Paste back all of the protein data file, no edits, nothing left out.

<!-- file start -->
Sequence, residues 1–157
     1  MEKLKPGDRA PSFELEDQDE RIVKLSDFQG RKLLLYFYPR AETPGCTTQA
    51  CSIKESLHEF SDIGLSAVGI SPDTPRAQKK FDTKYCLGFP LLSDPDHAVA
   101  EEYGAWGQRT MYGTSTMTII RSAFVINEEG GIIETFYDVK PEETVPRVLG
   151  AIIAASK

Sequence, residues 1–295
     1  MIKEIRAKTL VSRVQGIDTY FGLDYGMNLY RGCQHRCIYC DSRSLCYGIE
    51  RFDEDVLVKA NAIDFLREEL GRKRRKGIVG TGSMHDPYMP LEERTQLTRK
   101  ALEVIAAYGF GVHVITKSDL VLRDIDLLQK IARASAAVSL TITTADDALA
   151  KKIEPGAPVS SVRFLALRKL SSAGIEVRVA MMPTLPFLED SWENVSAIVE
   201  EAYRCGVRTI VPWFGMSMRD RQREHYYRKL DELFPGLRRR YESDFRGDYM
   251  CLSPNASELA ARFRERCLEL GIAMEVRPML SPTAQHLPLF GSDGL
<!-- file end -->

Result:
Sequence, residues 1–157
     1  MEKLKPGDRA PSFELEDQDE RIVKLSDFQG RKLLLYFYPR AETPGCTTQA
    51  CSIKESLHEF SDIGLSAVGI SPDTPRAQKK FDTKYCLGFP LLSDPDHAVA
   101  EEYGAWGQRT MYGTSTMTII RSAFVINEEG GIIETFYDVK PEETVPRVLG
   151  AIIAASK

Sequence, residues 1–295
     1  MIKEIRAKTL VSRVQGIDTY FGLDYGMNLY RGCQHRCIYC DSRSLCYGIE
    51  RFDEDVLVKA NAIDFLREEL GRKRRKGIVG TGSMHDPYMP LEERTQLTRK
   101  ALEVIAAYGF GVHVITKSDL VLRDIDLLQK IARASAAVSL TITTADDALA
   151  KKIEPGAPVS SVRFLALRKL SSAGIEVRVA MMPTLPFLED SWENVSAIVE
   201  EAYRCGVRTI VPWFGMSMRD RQREHYYRKL DELFPGLRRR YESDFRGDYM
   251  CLSPNASELA ARFRERCLEL GIAMEVRPML SPTAQHLPLF GSDGL